Voice/Vision Holocaust Survivor Oral History Archive

Eva Cigler - March 17, 1982


Can you describe the barracks where you lived in Auschwitz--the first barracks?

Uh, the first barracks uh, was uh, like uh, how should I describe it. There was one, like a army barracks. But army barracks at least have uh, some uh, beds. But this was uh, you know, like a, a, a bottom and then the middle and then the higher one,


it's three. So all of them slept uh, six girls.

Each level slept.

Yeah, each level yeah, it was three levels. And then you stayed there uh, because they didn't took us to work yet. So we stayed the whole day in the barracks and the morning when it was Zählappell, they want to count. I don't know what they was counting, you couldn't uh, get away from there I don't think so. And uh, then was uh, in daytime counting, all the time seems like uh, three times or four times they uh, blow their whistle and everybody have to go out and always counting. So the barrack uh, in the barrack uh, how many of us, about a hundred.

A hundred women in one barrack.


And you stood outside in line and they counted you.

Right. Five in a row--we have to make a row, five gir...

And then you went back inside the barracks.

Yeah, right away after they counted you stay in the barracks. Then you uh, you couldn't even think what's uh, coming. You don't even care what's going to come. We know something uh, bad going to come, but uh, we just stayed there like uh, how should I tell you, like uh, like crazy ones. We wasn't crazy, but they think uh, you know.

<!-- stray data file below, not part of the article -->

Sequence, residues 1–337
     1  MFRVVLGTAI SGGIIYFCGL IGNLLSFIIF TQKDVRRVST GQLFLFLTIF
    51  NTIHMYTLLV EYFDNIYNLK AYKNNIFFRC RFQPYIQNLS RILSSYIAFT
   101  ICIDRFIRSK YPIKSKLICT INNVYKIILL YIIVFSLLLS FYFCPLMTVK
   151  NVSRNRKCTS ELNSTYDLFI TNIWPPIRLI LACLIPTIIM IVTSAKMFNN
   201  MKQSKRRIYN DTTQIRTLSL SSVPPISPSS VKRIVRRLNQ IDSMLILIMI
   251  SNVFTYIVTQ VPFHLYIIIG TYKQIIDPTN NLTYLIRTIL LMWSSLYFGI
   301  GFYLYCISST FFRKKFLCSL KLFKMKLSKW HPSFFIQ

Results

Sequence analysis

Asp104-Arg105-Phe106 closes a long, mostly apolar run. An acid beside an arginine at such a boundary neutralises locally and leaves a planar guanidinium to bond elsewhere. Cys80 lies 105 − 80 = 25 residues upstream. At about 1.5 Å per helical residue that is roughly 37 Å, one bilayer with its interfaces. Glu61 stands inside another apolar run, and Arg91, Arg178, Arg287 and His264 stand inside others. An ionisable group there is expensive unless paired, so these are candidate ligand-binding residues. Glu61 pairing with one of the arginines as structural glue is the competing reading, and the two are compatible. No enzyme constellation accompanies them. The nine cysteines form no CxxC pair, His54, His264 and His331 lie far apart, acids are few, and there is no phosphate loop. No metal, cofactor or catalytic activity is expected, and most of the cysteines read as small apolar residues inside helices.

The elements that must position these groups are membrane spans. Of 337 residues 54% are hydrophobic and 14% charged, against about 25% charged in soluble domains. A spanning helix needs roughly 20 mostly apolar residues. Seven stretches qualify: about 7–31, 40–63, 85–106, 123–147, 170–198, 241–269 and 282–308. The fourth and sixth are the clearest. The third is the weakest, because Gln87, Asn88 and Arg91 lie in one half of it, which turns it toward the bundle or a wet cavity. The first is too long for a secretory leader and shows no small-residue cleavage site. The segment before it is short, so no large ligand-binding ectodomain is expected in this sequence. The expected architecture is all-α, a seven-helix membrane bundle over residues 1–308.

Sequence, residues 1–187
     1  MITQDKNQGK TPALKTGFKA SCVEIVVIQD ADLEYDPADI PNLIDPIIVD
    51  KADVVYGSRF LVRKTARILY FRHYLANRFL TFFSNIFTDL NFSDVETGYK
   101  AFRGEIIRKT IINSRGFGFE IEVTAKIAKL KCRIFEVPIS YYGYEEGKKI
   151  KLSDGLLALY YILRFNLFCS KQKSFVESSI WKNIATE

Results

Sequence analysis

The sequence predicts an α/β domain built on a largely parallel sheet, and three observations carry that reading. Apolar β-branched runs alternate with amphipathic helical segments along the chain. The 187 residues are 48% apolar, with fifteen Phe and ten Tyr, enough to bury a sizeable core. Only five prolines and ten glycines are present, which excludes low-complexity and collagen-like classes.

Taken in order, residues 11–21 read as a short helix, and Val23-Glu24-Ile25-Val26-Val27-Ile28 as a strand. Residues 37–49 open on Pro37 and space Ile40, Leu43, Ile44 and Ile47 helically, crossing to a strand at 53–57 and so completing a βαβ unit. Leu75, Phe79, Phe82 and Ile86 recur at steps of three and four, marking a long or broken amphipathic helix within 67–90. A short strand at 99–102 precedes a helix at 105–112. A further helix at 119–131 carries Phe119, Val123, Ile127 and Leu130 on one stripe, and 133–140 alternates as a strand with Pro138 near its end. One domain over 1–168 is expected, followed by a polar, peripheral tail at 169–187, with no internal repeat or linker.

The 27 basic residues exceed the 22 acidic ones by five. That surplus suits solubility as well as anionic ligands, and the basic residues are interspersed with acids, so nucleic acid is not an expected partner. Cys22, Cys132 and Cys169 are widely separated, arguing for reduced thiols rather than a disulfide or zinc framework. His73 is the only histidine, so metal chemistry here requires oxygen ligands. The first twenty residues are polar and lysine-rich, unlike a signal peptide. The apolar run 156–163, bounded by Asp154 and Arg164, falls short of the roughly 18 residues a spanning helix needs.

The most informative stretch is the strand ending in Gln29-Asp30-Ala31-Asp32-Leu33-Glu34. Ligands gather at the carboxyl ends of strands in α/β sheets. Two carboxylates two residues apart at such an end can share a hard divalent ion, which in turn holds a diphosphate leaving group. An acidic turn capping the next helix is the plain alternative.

There was fighting?

Uh, it wasn't, uh...



Were any of the people ill?

There were some people ill. But who said that you're ill and they took them away, you never see them again.


Because we know already what happened to them.

Um, did any other people get severely beaten at that time?

No, not that I...


No. Not ???

Then what happened to you? You were six weeks in that—which--what was the name of the barrack again?

Uh, A.


A. Uh, six weeks then came in afternoon uh, they again blow the whistle, have to go out and uh, we're standing in line so they said that Kapo has pro...uh, some protec...not protection, how you call it, some uh, higher, uh...

Some authority?

places yeah, when they could uh, could take her block a couple girl, a special places to work. So uh, we didn't know what the special, special place is going to be. So they came and they counted fifty of us or thirty of us, I don't remember. And they says this uh, people should stay and the rest of them have to go back to the barrack. So we was thinking uh, where--what was the special occasion. And then we uh, see we have to march from the main uh, gate out. So we was thinking now that's the end of us. But they took us that time to tattoo our uh, hand. And the next day we went out to work and then we see where we was working near to the crematorium. Uh, so that's was the special uh, privileges for that Kapo. Uh...

She picked the number of people.

She, yeah...

In charge...

picked the number of people.

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